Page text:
Standing up to fight: Does it explain why we walk upright, why women like tall men?

May 18, 2011
These two photo sequences depict a key part of a University of Utah experiment that showed why there is a fighting advantage to walking on two legs and being tall -- something that may help explain why ape-like human ancestors started walking upright and why women today tend to prefer tall men. In the top three photos, a participant in the study kneels with four limbs on the ground and then raises one arm to strike downward on a padded block equipped with sensors to measure the force of the blow. The bottom three photos show the same experiment, but with the blow delivered from an upright position. The study found that blows delivered downward from a two-legged posture are more powerful than downward blows from an all-fours posture, or than any blows delivered upward, from the front or sideways. Photo credit: David Carrier, University of Utah

(PhysOrg.com) -- A University of Utah study shows that men hit harder when they stand on two legs than when they are on all fours, and when hitting downward rather than upward, giving tall, upright males a fighting advantage.

This may help explain why our ape-like began walking upright and why women tend to prefer tall men.

"The results of this study are consistent with the that our ancestors adopted bipedal posture so that males would be better at beating and killing each other when competing for females," says David Carrier, a biology professor who conducted the study. "Standing up on their hind legs allowed our ancestors to fight with the strength of their forelimbs, making punching much more dangerous."

"It also provides a functional explanation for why women find tall men attractive," Carrier adds. "Early in , an enhanced capacity to strike downward on an opponent may have given tall males a greater capacity to compete for mates and to defend their resources and offspring. If this were true, females who chose to mate with tall males would have had greater fitness for survival."

Carrier's new study is being published Wednesday, May 18 in the online Public Library of Science journal .

The idea is not new that fighting and violence played a role in making human ancestors shift from walking on all fours to walking on two legs. But Carrier's new study physically demonstrates the advantage of fighting from an upright, two-legged posture.

Carrier measured the force of punches by male boxers and martial arts practitioners as they hit in four different directions: forward, sideways, down and up.

A punching bag fitted with a sensor measured the force of forward and sideways punches. For strikes downward and upward, the men struck a heavy padded block on the end of a lever that swung up and down because it was suspended from an axle.

In either case, the men struck the target as hard as they could both from a standing posture and on their hands and knees.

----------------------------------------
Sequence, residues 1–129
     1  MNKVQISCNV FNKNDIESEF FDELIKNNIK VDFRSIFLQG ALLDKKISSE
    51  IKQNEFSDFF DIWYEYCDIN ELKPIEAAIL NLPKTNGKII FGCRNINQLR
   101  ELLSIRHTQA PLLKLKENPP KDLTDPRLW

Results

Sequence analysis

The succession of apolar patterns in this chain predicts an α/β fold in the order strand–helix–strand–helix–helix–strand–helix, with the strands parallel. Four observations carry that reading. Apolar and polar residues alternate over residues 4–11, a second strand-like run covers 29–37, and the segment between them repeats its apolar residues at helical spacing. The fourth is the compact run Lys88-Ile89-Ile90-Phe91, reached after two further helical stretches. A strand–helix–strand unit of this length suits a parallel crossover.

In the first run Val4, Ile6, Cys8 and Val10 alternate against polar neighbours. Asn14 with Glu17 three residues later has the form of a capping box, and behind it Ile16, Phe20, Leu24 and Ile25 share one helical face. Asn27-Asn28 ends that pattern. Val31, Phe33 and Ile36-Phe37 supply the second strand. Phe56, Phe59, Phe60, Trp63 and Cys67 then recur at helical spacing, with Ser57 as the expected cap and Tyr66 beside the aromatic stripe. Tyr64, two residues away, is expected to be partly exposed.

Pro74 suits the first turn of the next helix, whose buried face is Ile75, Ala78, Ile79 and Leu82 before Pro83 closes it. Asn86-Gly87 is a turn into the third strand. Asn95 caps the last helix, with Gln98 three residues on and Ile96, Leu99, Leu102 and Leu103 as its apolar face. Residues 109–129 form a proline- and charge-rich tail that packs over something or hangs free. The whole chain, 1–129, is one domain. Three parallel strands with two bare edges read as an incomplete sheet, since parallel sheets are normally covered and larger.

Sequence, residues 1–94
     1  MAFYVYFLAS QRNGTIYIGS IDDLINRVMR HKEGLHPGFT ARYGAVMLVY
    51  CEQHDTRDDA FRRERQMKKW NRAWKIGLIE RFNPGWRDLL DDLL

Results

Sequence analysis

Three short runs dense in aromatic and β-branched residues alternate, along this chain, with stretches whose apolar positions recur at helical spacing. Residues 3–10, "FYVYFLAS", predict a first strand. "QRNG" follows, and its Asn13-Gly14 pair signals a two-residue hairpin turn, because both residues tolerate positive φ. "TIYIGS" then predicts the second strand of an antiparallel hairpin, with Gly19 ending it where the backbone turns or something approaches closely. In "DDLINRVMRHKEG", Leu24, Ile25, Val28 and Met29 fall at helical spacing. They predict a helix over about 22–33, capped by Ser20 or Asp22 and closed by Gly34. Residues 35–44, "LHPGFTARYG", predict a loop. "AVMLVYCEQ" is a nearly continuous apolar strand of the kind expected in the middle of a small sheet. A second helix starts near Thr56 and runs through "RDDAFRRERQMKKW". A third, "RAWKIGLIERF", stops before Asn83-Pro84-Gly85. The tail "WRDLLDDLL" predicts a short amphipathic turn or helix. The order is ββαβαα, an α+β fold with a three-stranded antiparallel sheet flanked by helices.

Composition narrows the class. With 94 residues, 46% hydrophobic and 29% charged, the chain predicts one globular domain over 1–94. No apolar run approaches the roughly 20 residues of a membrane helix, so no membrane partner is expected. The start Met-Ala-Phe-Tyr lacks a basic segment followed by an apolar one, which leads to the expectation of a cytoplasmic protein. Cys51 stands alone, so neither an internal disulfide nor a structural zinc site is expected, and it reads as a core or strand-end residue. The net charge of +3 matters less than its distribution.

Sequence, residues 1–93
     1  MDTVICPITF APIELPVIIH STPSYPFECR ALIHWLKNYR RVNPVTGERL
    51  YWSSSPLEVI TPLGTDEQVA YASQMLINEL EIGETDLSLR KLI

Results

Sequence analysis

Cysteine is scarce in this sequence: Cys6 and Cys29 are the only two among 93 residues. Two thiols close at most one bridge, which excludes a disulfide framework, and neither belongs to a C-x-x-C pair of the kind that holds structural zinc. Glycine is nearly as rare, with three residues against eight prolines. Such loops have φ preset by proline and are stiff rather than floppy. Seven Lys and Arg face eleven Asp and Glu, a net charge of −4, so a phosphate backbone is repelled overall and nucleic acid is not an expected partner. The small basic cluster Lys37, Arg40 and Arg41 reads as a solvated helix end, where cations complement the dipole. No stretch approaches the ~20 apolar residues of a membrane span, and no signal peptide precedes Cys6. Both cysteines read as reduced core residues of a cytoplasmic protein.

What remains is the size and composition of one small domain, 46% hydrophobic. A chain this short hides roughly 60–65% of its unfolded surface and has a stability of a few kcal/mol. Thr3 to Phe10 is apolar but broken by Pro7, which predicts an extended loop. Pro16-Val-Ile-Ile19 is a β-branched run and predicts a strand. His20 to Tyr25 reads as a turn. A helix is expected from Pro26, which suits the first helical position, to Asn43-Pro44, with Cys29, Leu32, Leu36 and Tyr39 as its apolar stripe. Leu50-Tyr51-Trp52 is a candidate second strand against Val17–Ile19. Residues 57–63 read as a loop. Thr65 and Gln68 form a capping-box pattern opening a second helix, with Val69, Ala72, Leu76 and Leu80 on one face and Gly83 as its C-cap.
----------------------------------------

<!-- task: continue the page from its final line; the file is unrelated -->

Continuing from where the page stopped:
The findings: for all punching angles, men hit with far more force when they were standing, and from both postures they could hit over twice as hard downward as upward.

Humans: Two-Legged Punching Apes?

The transition from four-legged to two-legged posture is a defining point in human evolution, yet the reason for the shift is still under debate. Darwin thought that our ancestors stood up so they could handle tools and weapons. Later scientists have suggested that bipedalism evolved for a host of other reasons, including carrying food, dissipating heat, efficient running and reaching distant branches while foraging in trees.

"Others pointed out that great apes often fight and threaten to fight from bipedal posture," says Carrier. "My study provides a mechanistic explanation for why many species of mammals stand bipedally to fight."

Carrier says many scientists are reluctant to consider an idea that paints our ancestors as violent.

"Among academics there often is resistance to the reality that humans are a violent species. It's an intrinsic desire to have us be more peaceful than we are," he says.

Nevertheless, human males and their great ape cousins – chimpanzees, gorillas and orangutans – frequently fight each other for territory and access to females.

The most popular theories about why we became bipedal are based on locomotor advantages – increases in the efficiency of walking and running. However, research shows upright posture is worse for locomotion, contrary to what Carrier initially believed.

"If you're a chimpanzee- or gorilla-type ancestor that is moving on the ground, walking bipedally has a cost," he says. "It's energetically more expensive, it's harder to speed up and slow down, and there are costs in terms of agility. In every way, going from four legs to two is a disadvantage for locomotion. So the selective advantage for becoming bipedal, whatever it was, must have been important."